(LIP-jl) — Located in a valley that is as deep as it is beautiful, the city of Huancavelica is a destination often overlooked by tourists in Peru. Its traditional architecture, gorgeous landscapes, and the hospitality of the local residents make this corner of the Andes one of the most interesting spots for a weekend trip.

It is a while yet before the sun will emerge from behind the rugged mountain peaks but Faustino and his family have already been up for more than an hour. In the pre-dawn darkness and bitter cold, the sound of light footsteps on the hard ground heralds the arrival of another day in the village of Taraco.
Faustino is getting ready very early this morning in preparation for his customary trip to the nearest community further down the valley. The llamas can be heard bleating as they approach the house and, with pieces of ice clinging stubbornly to their thick wool coats, assemble outside the family’s simple mud and stone dwelling to be loaded up for the trip.
Although I am wearing just about every item of clothing I have with me, a blast of freezing mountain air still cuts right through me. Luzmila, Faustino’s wife, smiles and hands me a thick woollen poncho to provide added protection against the icy wind coming off Lake Choclococha, which looks even bluer than usual in the half light of the early morning.

Sunlight shafts into the patio and highlights sacks of dried llama meat or charqui, piles of leather strips, and the smoke coming from Luzmila’s kitchen fire. Around fourteen llamas patiently wait their turn to be packed with goods. With amazing patience, Faustino and his son, Julián, distribute the loads evenly into thick flannel sacks. “There must be nine kilos on either side or the animal refuses to walk,” Faustino says, as he tugs on the ropes around the belly of a large, midnight-black llama. One by one, the animals are readied for the trip. Little Julián ties some metal bells around the neck of the llama that will lead the pack. “That’s so the others don’t get lost or stop to graze on the way,” he says with a smile. potatoes are famous for their flavor and size
A peasant couple proudly showing off their wares: corn from the Huancavelica valley.

The large black llama with the metal bell in the lead, the long caravan starts down a narrow gorge on its three-day journey along the valley below.

Faustino says goodbye to Luzmila and little Julián. “Next time you can come with me,” he promises, giving his son a light pat on the head. With his knapsack filled with just-cooked potatoes, some corn and jerky, the llama herder sets off on yet another trip to trade with peasants in the lowlands. He plans to exchange jerky for corn, lima beans, some pasta, and maybe some sweets for Julián. Faustino takes the same route used by his father and grandfather before him, both of whom were llama herders.

The llamas he uses today are descendants of the pack built up by his grandfather.
It is as if time has passed by this face of ancient Peru in this little corner of the Huancavelica highlands. The story I have just described took place only metres from the road to Huancavelica, the city of the stone idol, in the upper reaches of the central Andes.

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(Written by Virginia Velasco)

Journey into Peru's Amazon rainforest Noise, traffic, too much work? Unable to rest?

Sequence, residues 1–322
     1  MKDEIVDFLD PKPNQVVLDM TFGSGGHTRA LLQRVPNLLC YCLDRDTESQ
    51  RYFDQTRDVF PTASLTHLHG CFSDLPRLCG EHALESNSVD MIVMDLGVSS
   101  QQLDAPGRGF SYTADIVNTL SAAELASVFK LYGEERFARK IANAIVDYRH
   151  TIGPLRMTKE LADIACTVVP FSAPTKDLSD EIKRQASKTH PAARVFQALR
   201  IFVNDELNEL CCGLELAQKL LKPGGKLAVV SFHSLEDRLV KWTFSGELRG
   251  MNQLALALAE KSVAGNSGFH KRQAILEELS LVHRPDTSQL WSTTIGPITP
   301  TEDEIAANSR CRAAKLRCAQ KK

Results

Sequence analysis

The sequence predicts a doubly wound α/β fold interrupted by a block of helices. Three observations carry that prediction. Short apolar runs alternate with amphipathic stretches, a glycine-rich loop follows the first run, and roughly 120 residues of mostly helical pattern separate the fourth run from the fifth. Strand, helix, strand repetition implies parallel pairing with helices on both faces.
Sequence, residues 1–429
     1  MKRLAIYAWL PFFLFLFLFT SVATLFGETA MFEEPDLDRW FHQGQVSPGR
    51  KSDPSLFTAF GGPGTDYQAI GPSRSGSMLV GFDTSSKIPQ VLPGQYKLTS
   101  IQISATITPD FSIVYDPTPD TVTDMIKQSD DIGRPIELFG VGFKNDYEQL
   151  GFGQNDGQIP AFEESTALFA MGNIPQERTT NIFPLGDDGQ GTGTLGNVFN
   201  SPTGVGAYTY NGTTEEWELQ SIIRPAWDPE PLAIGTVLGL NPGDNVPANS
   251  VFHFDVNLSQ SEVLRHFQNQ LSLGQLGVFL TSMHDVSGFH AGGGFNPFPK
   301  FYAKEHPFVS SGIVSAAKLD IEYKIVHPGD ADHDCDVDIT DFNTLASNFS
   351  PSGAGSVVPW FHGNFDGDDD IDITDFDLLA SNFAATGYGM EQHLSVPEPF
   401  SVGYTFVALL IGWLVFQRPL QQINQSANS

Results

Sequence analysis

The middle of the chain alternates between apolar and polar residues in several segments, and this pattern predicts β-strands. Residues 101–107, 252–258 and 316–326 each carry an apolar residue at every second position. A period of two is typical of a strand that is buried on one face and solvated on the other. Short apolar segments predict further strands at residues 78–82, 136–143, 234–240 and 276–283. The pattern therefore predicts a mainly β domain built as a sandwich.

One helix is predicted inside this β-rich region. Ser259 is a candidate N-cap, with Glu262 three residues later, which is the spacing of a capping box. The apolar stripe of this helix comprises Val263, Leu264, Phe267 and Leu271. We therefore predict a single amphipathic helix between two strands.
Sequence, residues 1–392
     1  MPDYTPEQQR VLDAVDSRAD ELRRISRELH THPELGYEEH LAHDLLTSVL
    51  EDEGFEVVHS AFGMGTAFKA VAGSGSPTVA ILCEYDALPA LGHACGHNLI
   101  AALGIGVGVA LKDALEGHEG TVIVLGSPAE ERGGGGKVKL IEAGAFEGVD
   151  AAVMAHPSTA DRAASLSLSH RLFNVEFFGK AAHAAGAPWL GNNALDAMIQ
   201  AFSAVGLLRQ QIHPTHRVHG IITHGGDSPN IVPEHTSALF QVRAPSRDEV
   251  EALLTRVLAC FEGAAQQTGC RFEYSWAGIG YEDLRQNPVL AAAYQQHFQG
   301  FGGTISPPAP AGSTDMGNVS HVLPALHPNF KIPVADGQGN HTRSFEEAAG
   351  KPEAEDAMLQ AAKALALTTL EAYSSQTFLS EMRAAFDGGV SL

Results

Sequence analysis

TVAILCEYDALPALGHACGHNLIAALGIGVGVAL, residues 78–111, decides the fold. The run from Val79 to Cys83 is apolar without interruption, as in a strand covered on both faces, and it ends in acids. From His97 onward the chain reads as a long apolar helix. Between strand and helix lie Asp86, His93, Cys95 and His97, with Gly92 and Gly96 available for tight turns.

Would you like to wake up to sounds of birds chirping or watch the rain pouring down while you rest in your hammock? Well… Iquitos and the rainforest are waiting for you, very close in time, though more than 1000 km away from Lima.

Iquitos is the largest city in the Peruvian Rainforest, it has the charm of a laid-back city, which experienced its “golden age” at the end of the XIX century thanks to the rubber export. The old steel buildings and the glazed tiles of the façades give a glimpse of how beautiful the city must have been at the time. Iquitos’ treasure is the Amazon River and its tributaries Nanay and Itaya, all three rivers flow around the city. The Amazon River is the largest river in the world by volume, to experience sunset or dawn sailing on the magic Amazon River is an unforgettable souvenir.

Just around Iquitos is one of the world´s treasures: The Amazon Rainforest. You have plenty of lodges to choose from, often scattered in the surroundings. This time we visited the Amazon Rainforest Lodge.

Journey into Peru's Amazon rainforest We arrived to the lodge at night, after we sailed almost 45 minutes with our guide Antonio. We were welcomed by a friendly bartender with lemonade and later we had home made local food which was very tasty and healthy. That night we could hardly see our surroundings, but we could listen to many strange noises. In the morning we enjoyed the lodge’ view from the wooden lodge which used palm tree leaves as its roof – much like the traditional houses of the area. Different animals live there and walk freely in their “home”, Rigoberto the tapir, Aldo the toucan, turkeys, and others who were in cages such as parrots and the world´s largest rodent, the “ronsoco” or capybara.

Having the lodge as your base, it is possible to go on several tours, even for families with small children. There are small villages spread throughout the area. We visited Gen Gen, a village next to the lodge supported both by the owner of the lodge Peter Schneider and the Rotary Sunrise Club. People live primarily from agriculture, fishing, tourism and their handcrafts production; there was a small school and a health care center, using solar power panels to run electricity and water, these are the sole services the people have access to. There are shortages of doctors and teachers in the entire region. Despite the simplicity of their lives, people seem to be happy with the small amount of things they have.

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(Written by Elise van der Heijden, kindly provided by Anaconda Lodge –link-)

00Peru: Puerto Maldonado city guide
© Photo by Helard Aguilar Centeno

Are you going to Puerto Maldonado, into the heart of the Amazon to marvel at its abundantly colourful wildlife, but would also like to get to know the town itself? Search no more, we’ve brought together an in-depth city guide for you, covering all the ingredients that make up your exploration: cultural attractions, shopping, eating and last but not least, the nightlife.